Private school owed £500,000 when it folded just before start of new term
- Credit: Archant
A private school, which announced it was closing weeks before the start of the new term, collapsed owing more than £500,000, according to its liquidator.
Hethersett Old Hall School blamed a fall in pupil numbers for its financial problems when it folded in August.Now a report from liquidator McTear Williams & Wood into the school's finances shows it owed £115,000 to trade and expense creditors.
It also owed £288,000 to staff, £25,448 to HMRC and £95,300 to parents in school fees which had been paid in advance.
The biggest creditor was its bank Barclays.
However the school's assets should easily cover its debts once the property has been sold.
Its 15-acre site and buildings could be worth around £4m, according to the report, leaving £3.5m after the bank has been paid off.
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The school, on Norwich Road, told parents just three weeks before the start of the term that it would not be opening in September.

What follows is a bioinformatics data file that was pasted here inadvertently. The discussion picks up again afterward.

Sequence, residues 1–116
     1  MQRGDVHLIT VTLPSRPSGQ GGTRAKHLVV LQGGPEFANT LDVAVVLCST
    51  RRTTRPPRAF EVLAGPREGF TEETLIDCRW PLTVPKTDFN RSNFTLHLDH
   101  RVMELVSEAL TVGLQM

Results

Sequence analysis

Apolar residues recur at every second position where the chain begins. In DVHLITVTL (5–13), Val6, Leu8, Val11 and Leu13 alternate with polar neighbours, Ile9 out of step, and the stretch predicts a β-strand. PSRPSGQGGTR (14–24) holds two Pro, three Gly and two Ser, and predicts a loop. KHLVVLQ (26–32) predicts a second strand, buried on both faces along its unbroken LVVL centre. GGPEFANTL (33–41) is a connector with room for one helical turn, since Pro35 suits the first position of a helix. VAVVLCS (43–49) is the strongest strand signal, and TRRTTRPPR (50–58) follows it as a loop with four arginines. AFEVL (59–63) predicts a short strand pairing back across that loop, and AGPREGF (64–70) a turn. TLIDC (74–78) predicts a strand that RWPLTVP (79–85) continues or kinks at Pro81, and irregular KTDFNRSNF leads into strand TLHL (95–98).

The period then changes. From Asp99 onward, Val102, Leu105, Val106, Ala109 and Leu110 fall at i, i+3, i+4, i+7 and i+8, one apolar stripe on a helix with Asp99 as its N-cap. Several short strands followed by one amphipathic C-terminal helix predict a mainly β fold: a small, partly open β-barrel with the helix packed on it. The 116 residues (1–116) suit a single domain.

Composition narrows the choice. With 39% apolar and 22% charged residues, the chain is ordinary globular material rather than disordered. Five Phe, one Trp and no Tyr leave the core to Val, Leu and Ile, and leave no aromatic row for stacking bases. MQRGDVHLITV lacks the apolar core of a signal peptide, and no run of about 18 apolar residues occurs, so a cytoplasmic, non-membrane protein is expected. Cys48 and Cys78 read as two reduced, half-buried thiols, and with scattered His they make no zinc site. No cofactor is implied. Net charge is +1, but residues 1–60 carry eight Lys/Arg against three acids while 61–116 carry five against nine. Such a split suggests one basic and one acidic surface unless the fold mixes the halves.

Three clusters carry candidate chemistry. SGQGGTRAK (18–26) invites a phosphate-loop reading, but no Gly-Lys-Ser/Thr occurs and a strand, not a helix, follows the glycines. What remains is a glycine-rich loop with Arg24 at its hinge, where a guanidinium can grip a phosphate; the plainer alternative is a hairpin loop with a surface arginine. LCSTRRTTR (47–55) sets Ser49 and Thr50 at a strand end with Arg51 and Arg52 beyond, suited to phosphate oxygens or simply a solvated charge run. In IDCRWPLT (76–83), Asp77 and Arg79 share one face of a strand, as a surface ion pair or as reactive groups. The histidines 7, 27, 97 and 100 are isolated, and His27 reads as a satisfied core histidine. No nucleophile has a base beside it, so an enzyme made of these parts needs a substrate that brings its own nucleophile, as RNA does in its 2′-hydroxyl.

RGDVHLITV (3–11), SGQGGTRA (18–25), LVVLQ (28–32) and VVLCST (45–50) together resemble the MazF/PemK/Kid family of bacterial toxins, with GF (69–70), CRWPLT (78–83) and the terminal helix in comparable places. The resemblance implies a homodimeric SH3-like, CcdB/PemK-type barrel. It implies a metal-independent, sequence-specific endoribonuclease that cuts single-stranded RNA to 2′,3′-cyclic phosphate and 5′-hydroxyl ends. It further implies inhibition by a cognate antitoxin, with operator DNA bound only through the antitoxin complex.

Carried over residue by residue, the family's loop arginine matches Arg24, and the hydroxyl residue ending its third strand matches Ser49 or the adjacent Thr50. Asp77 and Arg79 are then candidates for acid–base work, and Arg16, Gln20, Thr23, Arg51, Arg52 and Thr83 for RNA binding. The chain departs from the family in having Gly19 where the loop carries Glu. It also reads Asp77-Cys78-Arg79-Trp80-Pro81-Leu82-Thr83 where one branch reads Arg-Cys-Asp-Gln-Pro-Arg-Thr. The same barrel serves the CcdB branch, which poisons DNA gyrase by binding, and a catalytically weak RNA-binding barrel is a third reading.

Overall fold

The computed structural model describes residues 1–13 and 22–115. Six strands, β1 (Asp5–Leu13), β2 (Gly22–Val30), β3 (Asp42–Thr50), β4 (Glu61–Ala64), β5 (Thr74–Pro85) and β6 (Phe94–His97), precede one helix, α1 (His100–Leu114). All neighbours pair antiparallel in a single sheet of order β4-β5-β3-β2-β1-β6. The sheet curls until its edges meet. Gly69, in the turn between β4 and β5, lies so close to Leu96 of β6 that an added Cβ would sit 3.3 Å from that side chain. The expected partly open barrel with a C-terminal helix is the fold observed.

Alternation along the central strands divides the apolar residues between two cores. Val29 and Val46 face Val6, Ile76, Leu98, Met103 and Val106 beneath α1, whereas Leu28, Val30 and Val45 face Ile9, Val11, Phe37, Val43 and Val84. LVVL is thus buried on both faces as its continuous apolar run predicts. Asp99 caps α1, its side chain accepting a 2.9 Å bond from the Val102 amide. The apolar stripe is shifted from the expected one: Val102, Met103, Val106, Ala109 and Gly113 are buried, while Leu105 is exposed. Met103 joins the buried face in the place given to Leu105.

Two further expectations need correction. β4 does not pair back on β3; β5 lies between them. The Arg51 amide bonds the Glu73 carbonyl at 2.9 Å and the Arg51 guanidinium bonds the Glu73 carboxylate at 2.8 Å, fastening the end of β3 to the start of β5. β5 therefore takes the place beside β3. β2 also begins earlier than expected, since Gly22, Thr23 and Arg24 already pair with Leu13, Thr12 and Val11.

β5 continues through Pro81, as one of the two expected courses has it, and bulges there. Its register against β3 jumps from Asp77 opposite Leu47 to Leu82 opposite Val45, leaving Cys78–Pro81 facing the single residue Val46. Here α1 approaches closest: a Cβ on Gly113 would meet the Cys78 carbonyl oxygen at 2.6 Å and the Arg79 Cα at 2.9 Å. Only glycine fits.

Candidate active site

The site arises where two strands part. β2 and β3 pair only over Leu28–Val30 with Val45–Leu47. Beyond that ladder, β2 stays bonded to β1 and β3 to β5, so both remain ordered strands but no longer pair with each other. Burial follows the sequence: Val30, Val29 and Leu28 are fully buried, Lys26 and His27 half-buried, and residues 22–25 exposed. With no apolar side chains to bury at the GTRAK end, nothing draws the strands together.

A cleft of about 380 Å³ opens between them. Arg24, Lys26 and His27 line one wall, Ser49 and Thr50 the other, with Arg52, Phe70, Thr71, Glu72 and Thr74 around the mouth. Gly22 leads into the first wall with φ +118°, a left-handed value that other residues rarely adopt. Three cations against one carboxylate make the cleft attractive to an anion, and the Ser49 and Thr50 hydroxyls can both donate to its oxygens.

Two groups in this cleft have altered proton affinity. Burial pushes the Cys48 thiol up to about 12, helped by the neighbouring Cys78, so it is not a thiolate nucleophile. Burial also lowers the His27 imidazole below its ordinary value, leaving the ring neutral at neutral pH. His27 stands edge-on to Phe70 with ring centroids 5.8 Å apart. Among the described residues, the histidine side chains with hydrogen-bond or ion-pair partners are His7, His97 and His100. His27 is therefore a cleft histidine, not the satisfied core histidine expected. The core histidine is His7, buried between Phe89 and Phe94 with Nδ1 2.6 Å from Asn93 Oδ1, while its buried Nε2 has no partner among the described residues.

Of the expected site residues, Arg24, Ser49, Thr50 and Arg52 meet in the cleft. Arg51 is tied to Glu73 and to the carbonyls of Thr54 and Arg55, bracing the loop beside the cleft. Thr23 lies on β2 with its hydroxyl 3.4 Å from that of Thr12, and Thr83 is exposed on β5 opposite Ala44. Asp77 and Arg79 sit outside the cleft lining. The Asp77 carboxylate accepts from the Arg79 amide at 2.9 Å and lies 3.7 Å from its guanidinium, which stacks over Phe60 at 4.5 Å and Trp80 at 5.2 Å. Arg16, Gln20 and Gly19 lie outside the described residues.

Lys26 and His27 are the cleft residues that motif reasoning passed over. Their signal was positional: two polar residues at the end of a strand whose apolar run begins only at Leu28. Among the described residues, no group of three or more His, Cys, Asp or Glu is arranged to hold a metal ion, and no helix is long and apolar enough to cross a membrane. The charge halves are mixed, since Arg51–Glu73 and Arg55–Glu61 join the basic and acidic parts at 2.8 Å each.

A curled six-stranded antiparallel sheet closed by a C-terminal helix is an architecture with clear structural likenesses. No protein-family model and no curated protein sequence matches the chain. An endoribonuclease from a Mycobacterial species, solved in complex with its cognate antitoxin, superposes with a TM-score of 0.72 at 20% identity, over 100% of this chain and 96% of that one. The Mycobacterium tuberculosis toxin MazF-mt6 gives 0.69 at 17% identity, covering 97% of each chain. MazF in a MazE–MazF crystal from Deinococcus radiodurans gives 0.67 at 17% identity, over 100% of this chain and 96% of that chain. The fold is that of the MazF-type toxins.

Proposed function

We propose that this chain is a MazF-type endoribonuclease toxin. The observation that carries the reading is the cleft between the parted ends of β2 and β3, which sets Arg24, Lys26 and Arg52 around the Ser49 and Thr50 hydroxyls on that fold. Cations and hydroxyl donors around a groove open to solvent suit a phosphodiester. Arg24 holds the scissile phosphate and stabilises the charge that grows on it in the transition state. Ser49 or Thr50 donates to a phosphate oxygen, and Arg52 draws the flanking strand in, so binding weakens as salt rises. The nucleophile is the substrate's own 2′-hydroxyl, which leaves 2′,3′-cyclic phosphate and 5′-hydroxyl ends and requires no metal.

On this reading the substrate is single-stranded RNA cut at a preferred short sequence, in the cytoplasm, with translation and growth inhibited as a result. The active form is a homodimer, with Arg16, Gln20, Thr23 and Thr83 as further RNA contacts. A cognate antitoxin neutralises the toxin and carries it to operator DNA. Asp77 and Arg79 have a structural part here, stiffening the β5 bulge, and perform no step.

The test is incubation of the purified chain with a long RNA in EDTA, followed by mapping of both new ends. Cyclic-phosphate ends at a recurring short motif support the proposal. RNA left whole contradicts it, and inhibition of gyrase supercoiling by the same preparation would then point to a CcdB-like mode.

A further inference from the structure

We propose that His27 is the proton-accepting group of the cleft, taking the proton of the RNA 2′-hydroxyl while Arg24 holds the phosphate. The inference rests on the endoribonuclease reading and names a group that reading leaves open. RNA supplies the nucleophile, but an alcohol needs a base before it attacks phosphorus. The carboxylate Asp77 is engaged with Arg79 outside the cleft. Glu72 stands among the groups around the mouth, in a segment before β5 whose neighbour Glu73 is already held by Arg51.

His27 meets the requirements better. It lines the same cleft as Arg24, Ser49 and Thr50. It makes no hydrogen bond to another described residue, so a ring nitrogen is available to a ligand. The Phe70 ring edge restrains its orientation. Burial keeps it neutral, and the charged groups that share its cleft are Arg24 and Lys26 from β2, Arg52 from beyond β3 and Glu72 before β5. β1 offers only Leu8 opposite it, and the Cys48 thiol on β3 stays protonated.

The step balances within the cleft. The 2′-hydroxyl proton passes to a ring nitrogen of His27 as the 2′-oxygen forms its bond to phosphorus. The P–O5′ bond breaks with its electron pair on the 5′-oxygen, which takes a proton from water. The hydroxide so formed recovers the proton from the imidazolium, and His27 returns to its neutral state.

It charged up to £5,210 a term for day pupils and £9,760 a term for boarders, but cut sixth form fees to try to increase pupil numbers.
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According to its annual report for 2017, headmaster Stephen Crump and his wife made two trips to Asia to try to drum up numbers.
They attended expos in Hong Kong and Guangzhou in China, but the number of pupils fell from 160 in 2017 to 111 this year.
Its most recent accounts, filed last year, show it made a loss of £56,000 in 2017.
One parent, whose daughter was at the school, said she was shocked the school had collapsed.
"It was a wonderful school," she said. "It was like a family and for that amount of money it could easily have been rescued."
Another parent said: "Numerous parents offered help (to increase pupil numbers) and were never listened to.
"The staff were amazing and I feel so sorry for them."
At the time the closure was announced parent Rachel Canham said: "We're absolutely devastated.
"My daughter was meant to be returning to Hethersett to start sixth form in September, but now she's currently sat at home being physically sick with stress and worry of where she's going to end up, and all I can do is desperately call around trying to find her a place somewhere."
A pupil, who was due to start sixth form in September, said she was "frustrated, angry, confused, (and) sad."
In an email to parents in August, Mr Crump and chairman of governors Martin Matthews said they were "exceedingly sorry" to have broken the news so close to the start of the new term.
They added governors had tried to save the school.